Mr President, lecturers have been on the same salary since 2009. Your predecessors signed agreements with the Academic Staff Union of Universities (ASUU) but were not faithful to it. As a responsible Union of intellectuals, the Union calls attention of government to the degeneration of things in the public universities and its implications for national growth and development. Sir, the government of Goodluck Jonathan carried out NEEDS assessment of public varsities in 2012. The findings shocked many. The government found that about #1.13trillion would be enough to arrest the infrastructural decay. Only former President Goodluck Jonathan released two hundred billion naira at once. He pledged to release for the succeeding year in tranches quarterly, the Union went on strike when that didn’t happen. Your immediate predecessor, Muhammadu Buhari came on board and literally used military approach and was not committed to education. Mr President, as I write, the federal government owes lecturers billions of naira of earned academic allowances for more than six years. If this is not clear to you, it is the money for doing excess teaching and excess supervision. This happened because federal government refused to recruit more lecturers and ASUU struck a deal that those doing more than they ought to do should be compensated until government is able to employ more hands.
While you were campaigning to become President Sir, and we were on strike, your Chief of Staff, then speaker of House of Representatives, Femi Gbajabiamila mid-wife the suspension of the strike, reaching some informal agreements with ASUU. Now that you are in power, with him closest to you, we learnt you want us to sign ourselves into perpetual slavery that we will not be able to fight for our rights again in the future. I don’t want to believe this Sir. Or is it true that a comrade in government is a lost comrade? Mr President, the lecturing and supervision affected by the strike have been done and the students have graduated but the workers are yet to be paid. Some of our colleagues died in their offices. Some cannot effectively meet societally imposed obligations.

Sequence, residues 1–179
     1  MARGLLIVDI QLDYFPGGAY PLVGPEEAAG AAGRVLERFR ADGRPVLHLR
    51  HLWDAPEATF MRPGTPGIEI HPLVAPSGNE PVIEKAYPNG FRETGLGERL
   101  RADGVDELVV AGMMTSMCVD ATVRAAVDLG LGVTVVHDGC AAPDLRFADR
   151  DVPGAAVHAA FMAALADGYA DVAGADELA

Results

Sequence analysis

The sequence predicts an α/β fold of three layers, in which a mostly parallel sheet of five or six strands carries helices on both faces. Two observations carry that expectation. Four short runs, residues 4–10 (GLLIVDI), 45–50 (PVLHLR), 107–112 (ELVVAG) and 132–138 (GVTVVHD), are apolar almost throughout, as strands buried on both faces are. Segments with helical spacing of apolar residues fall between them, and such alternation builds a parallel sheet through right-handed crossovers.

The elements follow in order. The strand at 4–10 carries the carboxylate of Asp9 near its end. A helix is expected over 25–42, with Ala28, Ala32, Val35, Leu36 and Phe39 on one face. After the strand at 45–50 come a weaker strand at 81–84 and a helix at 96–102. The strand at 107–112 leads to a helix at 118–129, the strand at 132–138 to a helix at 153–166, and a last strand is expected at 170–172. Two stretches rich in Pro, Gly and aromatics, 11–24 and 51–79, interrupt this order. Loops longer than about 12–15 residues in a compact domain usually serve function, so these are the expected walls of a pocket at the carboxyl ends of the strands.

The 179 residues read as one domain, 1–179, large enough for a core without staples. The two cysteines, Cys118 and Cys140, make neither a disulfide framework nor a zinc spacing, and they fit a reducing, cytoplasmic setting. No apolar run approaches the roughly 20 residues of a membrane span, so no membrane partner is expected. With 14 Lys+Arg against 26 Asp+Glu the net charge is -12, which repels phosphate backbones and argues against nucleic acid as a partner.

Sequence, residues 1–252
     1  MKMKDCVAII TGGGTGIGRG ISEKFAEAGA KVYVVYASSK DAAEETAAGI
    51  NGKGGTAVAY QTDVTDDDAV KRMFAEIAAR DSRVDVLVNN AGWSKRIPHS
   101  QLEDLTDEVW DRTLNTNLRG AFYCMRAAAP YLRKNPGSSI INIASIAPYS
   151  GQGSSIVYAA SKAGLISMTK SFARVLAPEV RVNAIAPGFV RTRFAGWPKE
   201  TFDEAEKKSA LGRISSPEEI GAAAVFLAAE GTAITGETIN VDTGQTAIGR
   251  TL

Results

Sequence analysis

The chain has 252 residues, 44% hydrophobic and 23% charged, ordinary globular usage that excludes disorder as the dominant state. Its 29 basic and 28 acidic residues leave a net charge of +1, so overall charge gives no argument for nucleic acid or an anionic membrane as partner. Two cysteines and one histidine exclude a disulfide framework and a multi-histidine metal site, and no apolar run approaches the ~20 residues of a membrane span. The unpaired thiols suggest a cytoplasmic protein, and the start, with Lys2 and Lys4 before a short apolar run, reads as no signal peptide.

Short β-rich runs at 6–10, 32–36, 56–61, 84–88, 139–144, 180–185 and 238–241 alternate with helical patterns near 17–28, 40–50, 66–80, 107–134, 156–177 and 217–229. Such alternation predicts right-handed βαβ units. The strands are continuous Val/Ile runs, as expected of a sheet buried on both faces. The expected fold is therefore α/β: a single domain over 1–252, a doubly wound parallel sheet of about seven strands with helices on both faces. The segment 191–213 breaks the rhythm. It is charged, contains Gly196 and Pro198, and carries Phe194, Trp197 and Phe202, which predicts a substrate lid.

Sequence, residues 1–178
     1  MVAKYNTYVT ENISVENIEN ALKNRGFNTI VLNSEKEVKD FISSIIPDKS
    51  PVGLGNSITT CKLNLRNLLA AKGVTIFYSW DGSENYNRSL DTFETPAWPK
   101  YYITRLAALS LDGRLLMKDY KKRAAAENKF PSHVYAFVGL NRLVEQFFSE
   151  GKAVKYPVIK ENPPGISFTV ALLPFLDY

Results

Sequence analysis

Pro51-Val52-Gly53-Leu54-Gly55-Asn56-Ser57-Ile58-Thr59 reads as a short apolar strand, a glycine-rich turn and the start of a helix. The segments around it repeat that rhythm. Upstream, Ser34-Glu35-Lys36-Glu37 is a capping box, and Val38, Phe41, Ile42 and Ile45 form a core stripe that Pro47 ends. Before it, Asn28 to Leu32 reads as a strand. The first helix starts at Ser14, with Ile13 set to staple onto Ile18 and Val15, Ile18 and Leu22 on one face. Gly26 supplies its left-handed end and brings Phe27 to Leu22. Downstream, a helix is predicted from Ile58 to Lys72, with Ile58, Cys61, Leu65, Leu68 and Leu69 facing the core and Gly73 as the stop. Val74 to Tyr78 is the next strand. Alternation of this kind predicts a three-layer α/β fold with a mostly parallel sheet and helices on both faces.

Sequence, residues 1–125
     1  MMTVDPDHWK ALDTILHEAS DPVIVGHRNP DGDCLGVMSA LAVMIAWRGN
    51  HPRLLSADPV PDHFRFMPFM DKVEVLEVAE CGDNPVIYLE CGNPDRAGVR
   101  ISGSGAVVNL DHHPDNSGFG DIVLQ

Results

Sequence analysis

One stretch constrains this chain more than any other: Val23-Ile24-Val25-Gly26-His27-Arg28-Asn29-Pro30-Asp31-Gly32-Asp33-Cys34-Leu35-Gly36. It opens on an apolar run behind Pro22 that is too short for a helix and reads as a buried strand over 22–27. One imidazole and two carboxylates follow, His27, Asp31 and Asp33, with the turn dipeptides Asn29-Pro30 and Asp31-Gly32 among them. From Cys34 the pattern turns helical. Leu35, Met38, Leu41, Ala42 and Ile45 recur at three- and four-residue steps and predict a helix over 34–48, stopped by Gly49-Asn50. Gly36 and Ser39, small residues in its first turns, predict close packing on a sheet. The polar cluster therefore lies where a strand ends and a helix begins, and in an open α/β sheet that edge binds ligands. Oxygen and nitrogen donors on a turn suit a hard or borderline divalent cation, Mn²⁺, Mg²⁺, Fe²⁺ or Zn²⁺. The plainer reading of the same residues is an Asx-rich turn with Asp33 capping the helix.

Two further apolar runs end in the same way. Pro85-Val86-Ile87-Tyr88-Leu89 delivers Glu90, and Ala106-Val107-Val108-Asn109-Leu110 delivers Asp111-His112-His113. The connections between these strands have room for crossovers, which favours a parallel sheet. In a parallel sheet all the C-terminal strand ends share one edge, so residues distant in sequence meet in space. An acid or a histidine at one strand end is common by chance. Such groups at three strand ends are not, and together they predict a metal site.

The commander-in-Chief of the Armed Forces, Sir, it may interest you that many universities brought out advertisement for vacant lecturing positions. A few applied. Among those selected, some didn’t pick up the appointment. Those who picked up the employment in some universities did not stay up to three months before they tendered their resignation. They could not believe what they were paid and the volume of workload allocated to them. Those still on the job are waiting for their planned alternative to click before they abandon their institutions to their fate. What then is the sin that lecturers have committed to warrant such treatments? Someone asked: is it a crime to choose to lecture in a Nigerian University? Mr President, I will be happy if you can also persuade scholars abroad to come and lecture in Nigeria just as you are doing to attract investors to Nigeria. This will let you know how attractive the salary you pay to Nigerian lecturers is to attract scholars to your universities. Who will come to where there is no light to work? Who wants to receive poverty wage? Who will come to where the intellectual community is derided? Which foreign scholar will come to Nigeria to teach six courses and hundreds of students in a classroom that has no public address system? Mr President, there is growing frustration among lecturers and attitude to work is being negatively affected. There is no motivation, salaries have been seized and/or delayed with no explanations. There are regrets here and there among those who returned to Nigeria after their scholarship abroad. Shall we then ask those not catered for by Nigeria to be fervent in teaching and research without adequate funding and motivation? Do you expect poorly paid lecturers to use their salaries to carry out researches for your universities to rank among top universities in the world? Sadly, to appoint lecturers now, Abuja people dictate who should be employed into our universities. My fear is about the future outcomes of what government is (not) doing. As a Yoruba man, you know that the children we fail to train, will sell the infrastructure that we labour to build. You need to invest in people. Invest in Education because those you call developed countries bear that name because of advances in science and technology as a result of their investment in education. Public University needs urgent attention and rescue. The University system is asking you Sir, Mr President, Nìgbàwo, ló máa tó kàn wá (when will it be our turn)?
Tade, a sociologist writes via firstname.lastname@example.org
By Oludayo Tade